In the 20 years since arriving in Hollywood with her feature film debut Slums of Beverly Hills, Tamara Jenkins has been considered a writer-director with a perspective and attitude worth hearing from. All her films have borrowed elements from her real-life, from her teens in Beverly Hills inspiring the darkly comic Slums of Beverly Hills to taking on the role of caregiver to her father inspiring the dramedy Savages. Tonally falling somewhere in between her previous two, her new film Private Life focuses on the painful, sometimes absurd, experience of trying to have children later in life, starring Paul Giamatti and Kathryn Hahn as a couple hoping to become parents and Kayli Carter as their step-niece and potential egg donor.
Lesley Coffin: When you start working on a project, do you think about the best tone, in terms of how to mix the comedy and drama, to approach the subject matter?
Tamara Jenkins: No, I’m not someone who takes a comic approach to a script to try to punch it up. I think that I always aspire to find the in-between, because I think one often comes from the other.
Lesley Coffin: I wanted to ask about your specific writing process. Are you someone who takes a long time writing and editing scripts?
Tamara Jenkins: I do, I realized that I had notes for the screenplay going back to 2008. I couldn’t believe it, why did I stop at just two pages? And then I realized that in 2009, I had a child and returned to it years later. I realized recently that I think I take about two years to write a first pass, I wouldn’t even call it a first draft, and it’s usually incredibly long. In this case it was over 200 pages. But I then spent time carving and chipping away at that to kind of find the film’s essence. And I go through so many drafts, sometimes making tiny changes and sometimes completely changing the structure of it. But I find the first thing I have to do is put all my ideas on paper, create a stuffed turkey that is too full and then shape it.
Lesley Coffin: I do the same thing, and I had to learn to accept that you will write more than you need as part of the creative process, even if it feels counter-intuitive.
Tamara Jenkins: Exactly, you don’t want to stop yourself from generating something which could lead to something great. That generative stage is so important, and then you can move into the editorial stage. But if I start and stop myself I feel like I’m less productive.
Lesley Coffin: Do you take the same approach as a director, film more and trying things on camera so you have more choices during the editing process?
Tamara Jenkins: I’m not a director that likes to throw spaghetti against the wall. If there are a lot of takes, it’s because we’re looking for something we haven’t found yet. I don’t like to just keep doing takes to be experimental. Sometimes, if there is a scene we’re really struggling with I might try to be a little radical and crack it open. Generally, I do multiple takes to be more precise and we rarely radically change directions or try something out of the blue.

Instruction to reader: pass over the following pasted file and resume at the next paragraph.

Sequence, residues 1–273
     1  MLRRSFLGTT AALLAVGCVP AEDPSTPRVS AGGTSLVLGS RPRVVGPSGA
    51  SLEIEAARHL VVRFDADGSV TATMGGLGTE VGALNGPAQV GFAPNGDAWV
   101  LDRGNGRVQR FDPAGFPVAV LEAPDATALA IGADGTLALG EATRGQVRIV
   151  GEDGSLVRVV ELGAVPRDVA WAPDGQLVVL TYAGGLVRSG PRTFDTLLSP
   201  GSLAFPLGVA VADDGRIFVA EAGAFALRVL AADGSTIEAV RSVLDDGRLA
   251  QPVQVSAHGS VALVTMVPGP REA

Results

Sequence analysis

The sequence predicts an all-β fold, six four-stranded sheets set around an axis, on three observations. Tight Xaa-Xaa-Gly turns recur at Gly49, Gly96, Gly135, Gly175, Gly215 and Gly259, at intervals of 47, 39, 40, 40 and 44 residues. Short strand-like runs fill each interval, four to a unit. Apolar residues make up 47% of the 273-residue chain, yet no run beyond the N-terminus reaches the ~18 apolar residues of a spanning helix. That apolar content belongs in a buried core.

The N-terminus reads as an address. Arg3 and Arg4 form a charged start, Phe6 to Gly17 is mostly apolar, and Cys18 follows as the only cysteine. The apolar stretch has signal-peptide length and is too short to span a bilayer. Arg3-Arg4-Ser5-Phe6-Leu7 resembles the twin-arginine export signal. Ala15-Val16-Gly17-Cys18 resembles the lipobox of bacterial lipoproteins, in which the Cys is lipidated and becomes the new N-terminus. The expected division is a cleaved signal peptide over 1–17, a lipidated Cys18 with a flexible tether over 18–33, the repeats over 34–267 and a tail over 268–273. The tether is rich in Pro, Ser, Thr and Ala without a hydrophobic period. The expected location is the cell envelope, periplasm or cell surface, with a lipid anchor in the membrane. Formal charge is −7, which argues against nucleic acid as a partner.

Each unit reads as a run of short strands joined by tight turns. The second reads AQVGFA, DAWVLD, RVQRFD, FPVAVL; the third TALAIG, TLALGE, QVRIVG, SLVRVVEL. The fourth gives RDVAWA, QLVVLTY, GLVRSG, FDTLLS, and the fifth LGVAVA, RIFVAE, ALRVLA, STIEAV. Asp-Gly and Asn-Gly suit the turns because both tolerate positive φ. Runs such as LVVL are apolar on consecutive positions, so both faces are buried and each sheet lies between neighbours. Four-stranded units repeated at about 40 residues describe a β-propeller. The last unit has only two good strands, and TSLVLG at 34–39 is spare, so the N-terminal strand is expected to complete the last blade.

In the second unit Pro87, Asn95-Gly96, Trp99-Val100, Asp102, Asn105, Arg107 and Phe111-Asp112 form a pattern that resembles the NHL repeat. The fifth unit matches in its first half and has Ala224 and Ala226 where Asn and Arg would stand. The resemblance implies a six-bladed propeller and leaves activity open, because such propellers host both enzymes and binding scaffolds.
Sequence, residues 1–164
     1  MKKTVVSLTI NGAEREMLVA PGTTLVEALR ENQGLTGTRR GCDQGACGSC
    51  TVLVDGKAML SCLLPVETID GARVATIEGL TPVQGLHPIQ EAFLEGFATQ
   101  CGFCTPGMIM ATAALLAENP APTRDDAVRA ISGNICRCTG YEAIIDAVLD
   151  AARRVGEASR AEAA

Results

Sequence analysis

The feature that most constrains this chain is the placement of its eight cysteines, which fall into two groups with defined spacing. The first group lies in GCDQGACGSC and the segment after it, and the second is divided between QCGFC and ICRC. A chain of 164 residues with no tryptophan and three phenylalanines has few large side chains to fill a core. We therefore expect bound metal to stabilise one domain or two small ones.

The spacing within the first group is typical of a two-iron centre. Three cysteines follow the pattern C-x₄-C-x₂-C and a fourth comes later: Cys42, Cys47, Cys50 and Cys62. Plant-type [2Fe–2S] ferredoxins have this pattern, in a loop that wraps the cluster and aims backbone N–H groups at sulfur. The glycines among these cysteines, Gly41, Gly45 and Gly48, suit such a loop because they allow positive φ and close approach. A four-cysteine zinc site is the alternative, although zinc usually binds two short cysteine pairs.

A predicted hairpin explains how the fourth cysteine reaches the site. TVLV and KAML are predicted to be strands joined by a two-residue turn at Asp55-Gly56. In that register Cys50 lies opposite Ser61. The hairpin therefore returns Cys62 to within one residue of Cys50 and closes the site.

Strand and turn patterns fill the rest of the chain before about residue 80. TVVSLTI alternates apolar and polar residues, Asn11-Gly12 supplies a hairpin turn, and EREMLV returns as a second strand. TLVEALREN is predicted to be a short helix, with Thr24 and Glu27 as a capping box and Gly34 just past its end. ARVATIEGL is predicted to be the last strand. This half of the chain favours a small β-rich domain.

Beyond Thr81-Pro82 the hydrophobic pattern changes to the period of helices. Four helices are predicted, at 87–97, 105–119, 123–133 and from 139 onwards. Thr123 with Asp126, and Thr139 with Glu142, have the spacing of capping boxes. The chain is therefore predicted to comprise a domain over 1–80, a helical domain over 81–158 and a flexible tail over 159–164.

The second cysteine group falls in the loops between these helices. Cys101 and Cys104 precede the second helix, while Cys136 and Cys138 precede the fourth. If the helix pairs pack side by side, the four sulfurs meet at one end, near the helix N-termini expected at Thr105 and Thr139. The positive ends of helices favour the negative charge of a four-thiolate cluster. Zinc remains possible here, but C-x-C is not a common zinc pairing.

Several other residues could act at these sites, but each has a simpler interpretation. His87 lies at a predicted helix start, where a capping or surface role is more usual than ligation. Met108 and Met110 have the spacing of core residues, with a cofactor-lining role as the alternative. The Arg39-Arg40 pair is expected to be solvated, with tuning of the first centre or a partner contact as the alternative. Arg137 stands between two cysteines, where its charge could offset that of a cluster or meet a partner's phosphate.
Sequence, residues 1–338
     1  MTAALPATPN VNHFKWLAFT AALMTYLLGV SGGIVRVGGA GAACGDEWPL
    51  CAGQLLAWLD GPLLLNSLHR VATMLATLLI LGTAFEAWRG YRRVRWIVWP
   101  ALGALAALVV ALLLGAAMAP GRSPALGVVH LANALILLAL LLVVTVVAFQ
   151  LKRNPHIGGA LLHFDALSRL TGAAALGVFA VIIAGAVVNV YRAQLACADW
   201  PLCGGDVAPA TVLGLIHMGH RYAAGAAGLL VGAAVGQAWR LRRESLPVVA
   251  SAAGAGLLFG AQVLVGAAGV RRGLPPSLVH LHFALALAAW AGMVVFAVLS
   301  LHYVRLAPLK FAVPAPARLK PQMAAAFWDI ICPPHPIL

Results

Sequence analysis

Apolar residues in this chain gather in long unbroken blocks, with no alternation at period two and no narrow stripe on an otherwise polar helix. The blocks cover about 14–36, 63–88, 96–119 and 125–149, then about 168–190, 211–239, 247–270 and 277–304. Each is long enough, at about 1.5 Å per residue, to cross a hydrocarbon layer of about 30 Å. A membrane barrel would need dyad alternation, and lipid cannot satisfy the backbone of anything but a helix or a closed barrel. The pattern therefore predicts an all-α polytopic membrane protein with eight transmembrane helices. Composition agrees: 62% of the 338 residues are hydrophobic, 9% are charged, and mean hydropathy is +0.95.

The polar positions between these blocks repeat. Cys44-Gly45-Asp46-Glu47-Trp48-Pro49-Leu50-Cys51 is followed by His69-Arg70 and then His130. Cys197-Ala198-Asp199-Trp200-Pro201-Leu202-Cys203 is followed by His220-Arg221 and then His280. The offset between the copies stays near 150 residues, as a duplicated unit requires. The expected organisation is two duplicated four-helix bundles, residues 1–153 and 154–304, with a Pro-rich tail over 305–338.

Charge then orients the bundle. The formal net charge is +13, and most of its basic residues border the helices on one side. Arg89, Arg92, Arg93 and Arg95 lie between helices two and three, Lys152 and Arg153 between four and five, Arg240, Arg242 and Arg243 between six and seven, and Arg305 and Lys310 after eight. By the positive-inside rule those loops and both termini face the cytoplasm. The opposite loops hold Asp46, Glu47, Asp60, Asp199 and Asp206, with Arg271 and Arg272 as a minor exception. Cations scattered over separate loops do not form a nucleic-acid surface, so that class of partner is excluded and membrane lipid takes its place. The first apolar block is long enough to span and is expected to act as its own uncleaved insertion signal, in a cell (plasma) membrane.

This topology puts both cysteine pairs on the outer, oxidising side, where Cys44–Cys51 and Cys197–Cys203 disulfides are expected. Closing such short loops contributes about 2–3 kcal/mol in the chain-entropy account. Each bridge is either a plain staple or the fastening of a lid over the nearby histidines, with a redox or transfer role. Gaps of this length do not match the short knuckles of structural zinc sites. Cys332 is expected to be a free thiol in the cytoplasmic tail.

Lesley Coffin: Between writing those pages in 2008 and coming back to the idea after having your daughter, did you notice a change in your process?
Tamara Jenkins: Two years after our daughter was born, my husband and I took some writing assignments to make a living and when I finished one, I felt incredibly hungry to write something on my own. And it was the first time I was going to start my own writing project since having my daughter, and couldn’t approach it the same way. Her room used to be my office, so I took Virginia Woolf’s advice for a room of one’s own to the streets. And I rented an office. And that was the first time I tried writing outside my residence, I’d never had a separate space to just go and work. I’d drop my daughter off at school and walk to the office.
Lesley Coffin: Your previous films have had strong autobiographical elements. Is that the same with this film?
Tamara Jenkins: The film isn’t a memoir or anything, but there are things which are certainly taken from real-life. I had a friend who went through an adoption scenario very similar to the one we tell in the film. She and her husband developed a relationship with the birth mother, went to Arkansas to meet her, and she never showed up. I lifted that pretty directly. I’d done IVF years before writing in my notebook in 2008; I don’t even know if I’d committed to writing a screenplay about that subject. But the core narrative is really about two people who assume they’ll be able to do something that everyone’s seems entitled to do and then realize it’s just not working, I wanted to explore the feeling of having to turn to things like adoption or technology. And I was also really interested in exploring a middle-life marriage and saw it as a film about a mutual mid-life crisis. That’s exactly what’s happening, they are having a midlife crisis, when you find yourself at that certain stage in your life and your expectations don’t match your reality. That was really interesting to me and I felt that the infertility prism is a very good way to look at a marriage in that state.
Read FF2 Media’s review of Private Life.
(C) Lesley Coffin (10/19/18) FF2 Media